The case against SEO - why social marketing is better for small communities

hari

Tazmanian
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Jan 2, 2006
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hari submitted a new Article:

The case against SEO - why social marketing is better for small communities

I've seen a lot of people emphasize the importance of Search Engine Optimization here at The Admin Zone. In fact, a lot of newbies seem keen on getting advice on how to improve search ranking for particular search terms to get to the #1 position on google or other search engines. I often wonder what benefit SE Optimization has on community participation rates. Note: I'm talking about community participation rate and not raw web stats - hits, visits or the increase in visibility of your website on search engines.

The Quality of SE Traffic

The biggest problem is the assumption that SEO means

More hits -> More visits -> More traffic -> More registrations -> Participation -> Community growth

The chain is somewhat flawed. The first three items in this chain are fine and are directly related to one other. More hits does imply more unique visitors and more traffic. But from there to "more registrations" is a big leap of faith. And from "more registrations" to "community growth" is a bigger leap of faith.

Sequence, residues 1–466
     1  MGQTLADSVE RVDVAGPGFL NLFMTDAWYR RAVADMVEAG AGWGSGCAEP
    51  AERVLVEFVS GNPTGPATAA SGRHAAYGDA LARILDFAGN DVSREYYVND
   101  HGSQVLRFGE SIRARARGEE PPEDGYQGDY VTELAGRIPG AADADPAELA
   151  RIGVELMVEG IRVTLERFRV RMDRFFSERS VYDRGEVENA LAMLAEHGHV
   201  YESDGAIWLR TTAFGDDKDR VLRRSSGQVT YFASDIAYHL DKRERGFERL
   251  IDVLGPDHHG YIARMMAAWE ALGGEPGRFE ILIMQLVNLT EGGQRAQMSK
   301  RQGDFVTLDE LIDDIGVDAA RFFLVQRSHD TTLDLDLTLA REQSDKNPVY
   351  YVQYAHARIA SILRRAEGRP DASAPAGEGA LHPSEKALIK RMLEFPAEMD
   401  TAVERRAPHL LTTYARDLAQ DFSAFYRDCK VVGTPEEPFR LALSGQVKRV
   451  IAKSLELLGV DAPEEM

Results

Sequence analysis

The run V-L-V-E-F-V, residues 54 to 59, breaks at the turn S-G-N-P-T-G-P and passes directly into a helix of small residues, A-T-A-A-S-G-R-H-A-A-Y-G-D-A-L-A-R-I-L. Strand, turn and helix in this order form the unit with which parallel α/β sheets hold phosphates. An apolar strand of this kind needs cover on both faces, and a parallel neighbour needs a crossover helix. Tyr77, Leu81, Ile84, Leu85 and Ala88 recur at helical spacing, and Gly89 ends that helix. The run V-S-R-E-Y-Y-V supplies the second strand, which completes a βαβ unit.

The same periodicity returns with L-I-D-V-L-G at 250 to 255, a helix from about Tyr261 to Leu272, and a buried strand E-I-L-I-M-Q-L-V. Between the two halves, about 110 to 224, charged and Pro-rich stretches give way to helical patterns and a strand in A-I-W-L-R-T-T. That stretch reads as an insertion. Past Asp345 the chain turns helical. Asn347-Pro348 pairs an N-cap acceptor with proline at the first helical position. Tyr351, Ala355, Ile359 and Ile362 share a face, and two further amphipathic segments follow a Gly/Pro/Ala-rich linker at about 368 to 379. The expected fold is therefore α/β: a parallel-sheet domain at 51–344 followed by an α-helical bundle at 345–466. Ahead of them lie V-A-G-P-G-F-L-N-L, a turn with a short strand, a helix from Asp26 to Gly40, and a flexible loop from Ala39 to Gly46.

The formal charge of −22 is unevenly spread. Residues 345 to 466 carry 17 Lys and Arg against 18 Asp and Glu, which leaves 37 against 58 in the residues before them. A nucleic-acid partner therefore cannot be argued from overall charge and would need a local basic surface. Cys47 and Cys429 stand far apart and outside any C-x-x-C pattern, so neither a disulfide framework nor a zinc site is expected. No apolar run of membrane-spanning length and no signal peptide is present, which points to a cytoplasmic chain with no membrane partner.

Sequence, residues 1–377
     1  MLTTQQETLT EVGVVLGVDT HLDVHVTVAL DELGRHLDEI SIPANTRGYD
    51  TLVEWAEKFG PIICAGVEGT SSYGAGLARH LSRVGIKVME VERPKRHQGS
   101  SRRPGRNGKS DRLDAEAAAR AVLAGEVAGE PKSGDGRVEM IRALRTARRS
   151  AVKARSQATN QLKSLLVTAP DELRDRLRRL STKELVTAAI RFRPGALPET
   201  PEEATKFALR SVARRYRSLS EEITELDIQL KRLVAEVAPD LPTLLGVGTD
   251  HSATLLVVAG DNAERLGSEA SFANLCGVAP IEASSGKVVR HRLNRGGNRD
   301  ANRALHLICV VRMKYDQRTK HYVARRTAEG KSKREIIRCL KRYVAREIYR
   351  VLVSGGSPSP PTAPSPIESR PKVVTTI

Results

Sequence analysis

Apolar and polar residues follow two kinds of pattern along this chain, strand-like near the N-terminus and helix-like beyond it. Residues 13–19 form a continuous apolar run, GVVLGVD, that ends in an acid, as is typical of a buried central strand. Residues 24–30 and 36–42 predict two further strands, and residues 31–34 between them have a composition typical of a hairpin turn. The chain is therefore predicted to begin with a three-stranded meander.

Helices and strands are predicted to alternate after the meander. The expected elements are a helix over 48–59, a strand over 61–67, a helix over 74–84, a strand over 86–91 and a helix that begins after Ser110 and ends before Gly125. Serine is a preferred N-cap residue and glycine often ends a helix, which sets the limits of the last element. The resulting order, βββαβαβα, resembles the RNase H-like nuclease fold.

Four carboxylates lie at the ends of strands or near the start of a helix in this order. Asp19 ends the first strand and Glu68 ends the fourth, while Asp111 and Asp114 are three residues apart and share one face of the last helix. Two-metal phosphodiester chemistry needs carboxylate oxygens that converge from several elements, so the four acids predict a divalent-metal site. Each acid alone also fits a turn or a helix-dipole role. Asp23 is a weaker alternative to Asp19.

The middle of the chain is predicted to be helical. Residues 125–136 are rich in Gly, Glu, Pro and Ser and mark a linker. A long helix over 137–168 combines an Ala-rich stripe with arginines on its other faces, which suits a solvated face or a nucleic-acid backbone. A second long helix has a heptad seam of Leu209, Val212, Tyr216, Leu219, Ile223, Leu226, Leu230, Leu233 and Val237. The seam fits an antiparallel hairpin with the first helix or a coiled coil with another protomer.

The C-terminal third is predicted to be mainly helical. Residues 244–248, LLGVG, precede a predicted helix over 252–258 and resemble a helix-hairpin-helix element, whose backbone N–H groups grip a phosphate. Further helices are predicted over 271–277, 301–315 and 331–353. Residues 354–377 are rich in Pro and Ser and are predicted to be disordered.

I've analysed my own web stats over a period of time and see that I get traffic from search engines, but do you know the actual percentage of SE traffic driven to my site? Average of a mere 5-7% of the total traffic. And 90+ % of that SE traffic is from google (the rest of the search engines being a mere 10% or less). Put that into perspective and you will understand what a waste of time it is to SEO your site when your community is still new and not as yet established.

Again, how much of this traffic has actually resulted in new registrations? Very negligible. This is because you have to analyze the mindset of people using google or yahoo and stumbling upon your site. People searching for info on the web typically jump from site to site on the results page. The quantity of time they spend on your site is actually less than 30 seconds. This is what I call "low-grade" traffic. You get more hits from search engines, but you get almost no benefit by being ranked high apart from raw stats. From my own stats, I see that 50% or more visitors spend less than 30 seconds online.

So what does this tell me?
  1. Being ranked higher in Search Engines has a very low correlation to actual community growth or participation.
  2. 90% of SE traffic is driven from google. Forget the other search engines.
  3. SE traffic is quite negligible compared to direct traffic.
  4. Getting higher ranks for specific terms has almost no...
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shaon

Where is the God?
Joined
Jul 30, 2005
Messages
477
Creating a niche through social marketing is a much better idea.........Competing against the sheer strength of numbers of larger forums is silly and counterproductive.
I agree with you wholeheartedly, Hari :) You have been writing some quality articles for the members and it's greatly appreciated.:wow:
 

ArcticFlood

Participant
Joined
Sep 17, 2005
Messages
82
I agree with this fully :). My site, though small, is a perfect example. I think we've had 1 person register and post due to a search engine, and we haven't established a topic good enough to do SEO. Yet, I've found that when I am more active on the sites that my members come from, registration and activity picks up.